Iain Dale is looking for a bit of advice:
Just a warning to those ‘anonymous’ commenters who think they can say anything they like on a blog and get away with it. Well you can’t. I’ve always maintained that anyone on the internet is subject to exactly the same laws as anyone else, and just because you post anonymously, that doesn’t mean that you can’t be traced.
The Guardian carried a very revealing report today about a case involving a football website where fans of Sheffield Wednesday expressed their views on the owners of the club in a libellous fashion. The Chairman, Chief Executive and five directors of the club have won a High Court ruling forcing the owner of the Owlstalk website to reveal the identity of those accused of libelling them. It’s worth reading the whole article HERE but here’s an extract…
This ruling has huge implications for blogs and websites and may well force us all to introduce full registration. If there are any libel lawyers reading this, do give us your take on this ruling and how it may affect blogs like mine!
Let’s deal with the practicalities first.
From what I recall of how blogger works, its highly unlikely that Iain would be unduly affected by the ‘John Doe’ ruling in the Owlstalk case, as the system gives Iain relatively little information that would be of value to a would-be litigant.
Blogger comments do include an e-mail address, which is easily obtained but may or may not be fake as there are no verification checks carried out (and even if there were there’s no guarantee that the commenter hasn’t used a disposable web-mail box or an anonymity service like Hushmail), but the system does not, as I recall, give blog owners access to IP address information which is a somewhat more reliable means of tracing a commenter – and even that can be faked if you have the technical know how and the right software.
Things are a little different if, like me, you host your own blog and have access to rather more information about commenters (like IP addresses) – this is where Owlstalk appears to have been caught out, as the forum is actually hosted by a Florida-based company and uses the Invision forum platform (and requires all users to register) – but perhaps the main issue that’s specific to this question is highlighted by Tim Ireland:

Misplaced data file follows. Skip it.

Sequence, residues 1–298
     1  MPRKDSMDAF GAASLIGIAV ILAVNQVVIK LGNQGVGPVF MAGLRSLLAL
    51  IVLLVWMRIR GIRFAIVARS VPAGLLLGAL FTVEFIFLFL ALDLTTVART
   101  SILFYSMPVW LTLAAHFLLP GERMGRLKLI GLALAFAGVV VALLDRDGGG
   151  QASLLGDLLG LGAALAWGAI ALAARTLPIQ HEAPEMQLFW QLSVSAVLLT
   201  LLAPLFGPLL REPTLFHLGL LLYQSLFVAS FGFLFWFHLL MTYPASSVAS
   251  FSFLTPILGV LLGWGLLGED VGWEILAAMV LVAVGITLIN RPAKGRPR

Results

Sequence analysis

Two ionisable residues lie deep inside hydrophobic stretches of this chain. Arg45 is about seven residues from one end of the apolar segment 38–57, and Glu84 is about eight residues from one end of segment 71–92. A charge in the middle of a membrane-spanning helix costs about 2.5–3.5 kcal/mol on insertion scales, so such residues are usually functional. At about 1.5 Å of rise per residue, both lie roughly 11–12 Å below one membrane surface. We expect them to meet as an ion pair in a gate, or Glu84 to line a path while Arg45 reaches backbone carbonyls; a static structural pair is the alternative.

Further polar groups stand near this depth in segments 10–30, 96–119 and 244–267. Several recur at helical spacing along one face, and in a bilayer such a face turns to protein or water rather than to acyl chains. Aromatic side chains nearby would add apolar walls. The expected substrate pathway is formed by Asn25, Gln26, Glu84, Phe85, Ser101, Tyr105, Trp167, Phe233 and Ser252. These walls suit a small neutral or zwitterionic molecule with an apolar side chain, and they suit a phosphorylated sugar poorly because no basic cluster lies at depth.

– Those running anonymous weblogs and/or poorly-regulated weblogs that allow for repeated anonymous
smears‘jokes’ will want to take a long, hard look at the costs accrued in revealing the identities of those involved. There are ways of retrieving historical comment-related IP data from months back that you may not even be aware of, and most of them are extremely expensive.
Pretty much all hosting agreements include a specific clause to the effect that you – the blog/forum operator – agree to indemnify the hosting company against any legal and related costs they may incur as a result of your actions in using their service.
I have to say that I can’t recall seeing a situation in which this clause was actioned, but in most, if not all cases – the legalese is pretty much standard across the industry – a blogger/forum operator will have signed a contract with their host stating clearly that you agree to cover their costs if, for example, they have to go rooting around in several months worth of server logs to comply with a court-issued ‘John Doe’ order.
Of course, if you do host you blog on blogger, then your one saving grace is that to obtain such an order for IP address information your would-be litigant would have to take on the high-value legal muscle available to Google and, very possibly, would have to do so in the US courts as well. At the very least, anyone trying to obtain a John Doe order over Google in the UK courts might well expect a long and expensive legal fight over jurisdiction before getting to make their actual case.
It’s also worth noting that the Guardian’s chosen headline – ‘Warning to abusive bloggers as judge tells site to reveal names’ – is rather misleading on two counts.
First, Owlstalk is a forum not a blog and the technical differences between the two platforms can make a significant difference to the extent to which the owner is able to comply with a request for information about the ‘identity’ of a commenter.
Second, comments that are strictly abusive – and especially those using vulgar abuse – are not generally held to be libellous, as the Judge in this case correctly observed: